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Boss DS-1 Review

In this Boss DS-1 review, I will tell you about one of today’s most popular and selling distortion pedals. It was introduced back in 1978 and was produced in Japan and later in Taiwan. And in the 2000s, Boss became part of Roland. However, these events did not affect the quality of the product, and numerous modifications only improved the basic model.

The bright orange pedal has incredible durability, so you can often find many used models on the market. And I assure you, they are still as great as they were years ago. Another attractive aspect of the Boss DS-1 is its price, which is surprisingly low for such a celebrity. So let’s take a closer look at it.

Build and design

Boss DS-1

The design of the pedal has not changed since its creation and is recognizable all over the world. The case is incredibly sturdy, and it can last you for a very long time. You don’t have to worry about its integrity; use it with pleasure!

The Boss DS-1 is pleasant to look at and easy to operate. In addition to the standard input and output jacks you can use to connect it to your circuit, it also has three control knobs and a foot pedal. There is a CHECK indicator to indicate the control battery. So nothing can throw you off. The distortion pedal is portable and will fit in your pocket – that’s how compact it is. With a weight of 13 oz, it measures only 2-7/8 inches, 5-1/8 inches, and 2-3/8 inches. So this is an option where you can use it wherever you want.


Let’s get down to the features of the Boss distortion DS-1. As I have already written, it is very simple and comfortable. For example, the on/off pedal is very smooth and doesn’t snag or break. And the 1/4″ DC input and output connectors are telephone-type with a 20 dBu rating. The pedal is powered by an alkaline battery (9V, 6LR61) or a zinc-carbon battery (9V, 6F22), but you’ll need to buy an AC adapter.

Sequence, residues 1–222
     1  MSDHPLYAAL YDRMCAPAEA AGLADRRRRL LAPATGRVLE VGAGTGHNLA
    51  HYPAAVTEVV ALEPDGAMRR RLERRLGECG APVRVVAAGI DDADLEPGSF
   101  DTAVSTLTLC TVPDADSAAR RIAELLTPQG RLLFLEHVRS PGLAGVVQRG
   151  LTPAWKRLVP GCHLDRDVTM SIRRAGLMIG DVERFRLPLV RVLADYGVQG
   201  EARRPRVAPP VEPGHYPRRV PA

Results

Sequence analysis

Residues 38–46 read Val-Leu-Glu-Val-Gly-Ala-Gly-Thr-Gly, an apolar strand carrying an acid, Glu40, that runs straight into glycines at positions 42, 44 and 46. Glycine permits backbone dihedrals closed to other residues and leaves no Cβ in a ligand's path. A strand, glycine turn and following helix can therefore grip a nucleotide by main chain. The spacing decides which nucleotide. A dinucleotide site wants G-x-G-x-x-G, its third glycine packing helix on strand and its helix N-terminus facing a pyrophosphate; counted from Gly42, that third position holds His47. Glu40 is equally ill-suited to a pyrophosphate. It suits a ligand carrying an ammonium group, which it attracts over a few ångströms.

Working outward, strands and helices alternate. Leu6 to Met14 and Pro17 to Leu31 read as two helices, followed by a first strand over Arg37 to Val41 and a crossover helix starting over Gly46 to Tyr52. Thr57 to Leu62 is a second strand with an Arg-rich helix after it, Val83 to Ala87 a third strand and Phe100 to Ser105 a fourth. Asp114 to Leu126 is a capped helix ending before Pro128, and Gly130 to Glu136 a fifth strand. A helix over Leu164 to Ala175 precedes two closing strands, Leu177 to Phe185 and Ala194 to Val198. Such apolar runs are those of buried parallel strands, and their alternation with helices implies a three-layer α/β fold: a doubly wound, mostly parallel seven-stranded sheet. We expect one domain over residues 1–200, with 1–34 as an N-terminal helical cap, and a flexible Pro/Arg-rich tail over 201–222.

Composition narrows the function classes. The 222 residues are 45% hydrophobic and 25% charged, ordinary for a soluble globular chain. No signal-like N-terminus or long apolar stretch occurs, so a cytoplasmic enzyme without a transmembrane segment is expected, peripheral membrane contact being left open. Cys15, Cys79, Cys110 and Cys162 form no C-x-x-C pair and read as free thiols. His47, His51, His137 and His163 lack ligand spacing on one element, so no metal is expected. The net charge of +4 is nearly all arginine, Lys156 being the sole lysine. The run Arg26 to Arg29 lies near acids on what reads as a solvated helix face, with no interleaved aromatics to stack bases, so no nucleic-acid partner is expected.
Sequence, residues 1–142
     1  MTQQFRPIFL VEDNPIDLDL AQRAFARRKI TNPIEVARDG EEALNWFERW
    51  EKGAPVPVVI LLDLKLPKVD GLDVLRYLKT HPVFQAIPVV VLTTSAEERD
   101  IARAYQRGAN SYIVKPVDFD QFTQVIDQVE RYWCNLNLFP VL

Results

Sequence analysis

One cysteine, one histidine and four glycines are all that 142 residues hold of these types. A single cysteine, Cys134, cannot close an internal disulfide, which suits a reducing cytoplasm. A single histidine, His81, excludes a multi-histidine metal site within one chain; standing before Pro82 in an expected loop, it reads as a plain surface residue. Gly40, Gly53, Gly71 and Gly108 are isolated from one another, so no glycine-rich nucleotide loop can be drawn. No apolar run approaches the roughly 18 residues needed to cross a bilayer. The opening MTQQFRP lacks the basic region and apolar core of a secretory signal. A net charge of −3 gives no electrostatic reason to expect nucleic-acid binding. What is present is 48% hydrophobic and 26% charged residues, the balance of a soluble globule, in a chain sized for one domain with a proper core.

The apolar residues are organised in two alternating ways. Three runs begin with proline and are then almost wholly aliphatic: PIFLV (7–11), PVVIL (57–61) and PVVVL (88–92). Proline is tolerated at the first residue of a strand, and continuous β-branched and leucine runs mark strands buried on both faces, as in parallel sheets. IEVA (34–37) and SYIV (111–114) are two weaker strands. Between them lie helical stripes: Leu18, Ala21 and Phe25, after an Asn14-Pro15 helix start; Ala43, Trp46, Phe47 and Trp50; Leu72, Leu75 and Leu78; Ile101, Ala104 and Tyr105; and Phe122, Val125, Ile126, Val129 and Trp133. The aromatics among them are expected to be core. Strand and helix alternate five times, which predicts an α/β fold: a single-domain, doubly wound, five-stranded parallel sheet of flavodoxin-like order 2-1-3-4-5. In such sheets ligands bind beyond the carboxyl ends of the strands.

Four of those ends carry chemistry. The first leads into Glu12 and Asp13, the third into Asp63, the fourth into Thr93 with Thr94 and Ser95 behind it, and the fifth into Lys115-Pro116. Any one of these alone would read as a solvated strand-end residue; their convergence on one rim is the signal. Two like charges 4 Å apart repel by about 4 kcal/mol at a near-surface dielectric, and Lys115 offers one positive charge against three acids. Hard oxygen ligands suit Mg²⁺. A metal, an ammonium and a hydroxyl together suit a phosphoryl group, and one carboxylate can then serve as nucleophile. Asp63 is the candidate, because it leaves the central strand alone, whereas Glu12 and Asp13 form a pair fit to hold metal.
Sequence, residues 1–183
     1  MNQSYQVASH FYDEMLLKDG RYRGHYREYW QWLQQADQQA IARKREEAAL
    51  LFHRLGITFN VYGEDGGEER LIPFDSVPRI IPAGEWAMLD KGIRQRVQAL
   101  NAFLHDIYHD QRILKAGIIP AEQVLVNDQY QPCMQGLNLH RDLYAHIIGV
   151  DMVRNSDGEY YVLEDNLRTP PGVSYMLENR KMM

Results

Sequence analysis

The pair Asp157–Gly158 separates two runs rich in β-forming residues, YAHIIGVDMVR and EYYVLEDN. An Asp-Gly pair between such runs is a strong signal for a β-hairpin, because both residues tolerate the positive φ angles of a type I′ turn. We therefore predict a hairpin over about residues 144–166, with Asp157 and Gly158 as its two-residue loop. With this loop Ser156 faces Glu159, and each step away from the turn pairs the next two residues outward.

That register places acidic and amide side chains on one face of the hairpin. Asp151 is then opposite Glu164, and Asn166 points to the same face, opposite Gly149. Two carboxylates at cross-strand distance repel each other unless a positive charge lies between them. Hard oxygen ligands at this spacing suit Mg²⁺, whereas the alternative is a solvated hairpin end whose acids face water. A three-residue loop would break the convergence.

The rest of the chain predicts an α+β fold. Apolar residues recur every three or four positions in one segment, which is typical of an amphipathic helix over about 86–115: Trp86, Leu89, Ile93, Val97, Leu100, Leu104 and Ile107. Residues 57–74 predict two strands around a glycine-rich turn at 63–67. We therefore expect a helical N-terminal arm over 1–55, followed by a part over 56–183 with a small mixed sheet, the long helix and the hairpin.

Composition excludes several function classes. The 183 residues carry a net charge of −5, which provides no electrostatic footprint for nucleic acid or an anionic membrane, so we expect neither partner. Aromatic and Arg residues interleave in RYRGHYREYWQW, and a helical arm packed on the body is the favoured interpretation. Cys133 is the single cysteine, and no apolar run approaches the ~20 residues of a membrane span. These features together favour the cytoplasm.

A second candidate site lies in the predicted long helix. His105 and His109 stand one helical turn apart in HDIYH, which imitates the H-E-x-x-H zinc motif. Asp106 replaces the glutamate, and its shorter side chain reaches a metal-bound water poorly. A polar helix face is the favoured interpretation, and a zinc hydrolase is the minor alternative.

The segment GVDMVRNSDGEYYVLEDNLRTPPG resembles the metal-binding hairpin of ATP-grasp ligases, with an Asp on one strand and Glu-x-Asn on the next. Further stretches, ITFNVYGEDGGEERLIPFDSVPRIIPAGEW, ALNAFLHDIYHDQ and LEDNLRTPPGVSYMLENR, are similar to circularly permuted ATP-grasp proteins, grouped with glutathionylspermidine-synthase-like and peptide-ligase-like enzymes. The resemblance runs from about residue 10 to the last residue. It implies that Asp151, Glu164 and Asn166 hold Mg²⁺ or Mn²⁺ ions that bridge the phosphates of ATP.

There are only three controls: TONE, DIST, and LEVEL. The latter essentially controls the volume, allowing you to use the Boss DS-1 at a concert with maximum sound or home by setting it to the minimum. TONE – The frequency control, their equalizer, is a standard control for most pedals, as it is for an amp or electric guitar. In the left position, you get more bass; in the right position, you get more treble. With DIST, I hope everything is clear. With this control, you turn the clean sound of your guitar into a distorted and crunchy sound. Perfect for performing heavy genres.


Boss DS-1 photo

To conclude all the above, it is only necessary to tell how the Boss distortion pedal sounds. I have a tube amplifier, and there were no problems. But I have encountered comments about it not being very good with solid-state ones. So, just keep that in mind, and check beforehand.

Otherwise, in my opinion, this pedal is perfect for your circuit. And, of course, it’s suitable for metal and rock, delivering a fun, high-quality overdrive. Excellent wide-range tone, low gain, warmth, and harshness – a combination worthy of old-school masterpieces. For solos, you can press it on an already distorted sound to achieve more volume and balance the sound.

Still need proof? Steve Vai, Joe Satriani, Daf Aldrich, Mike Stern, and other legends have used the Boss DS-1. So I think it’s worth you, too.

Key specs

  • Controls: pedal switch, tone, level, dist.
  • Connectors: input jack: 1/4-inch, output jack: 1/4-inch, DC IN jack.
  • Power Supply: Alkaline battery (9V, 6LR61) or Carbon-zinc battery (9V, 6F22), AC adaptor.
  • Size (WxDxH), inch/cm: 2.8x5x2.3/7.3×12.9×5.9.
  • Weight oz/g: 13/360.
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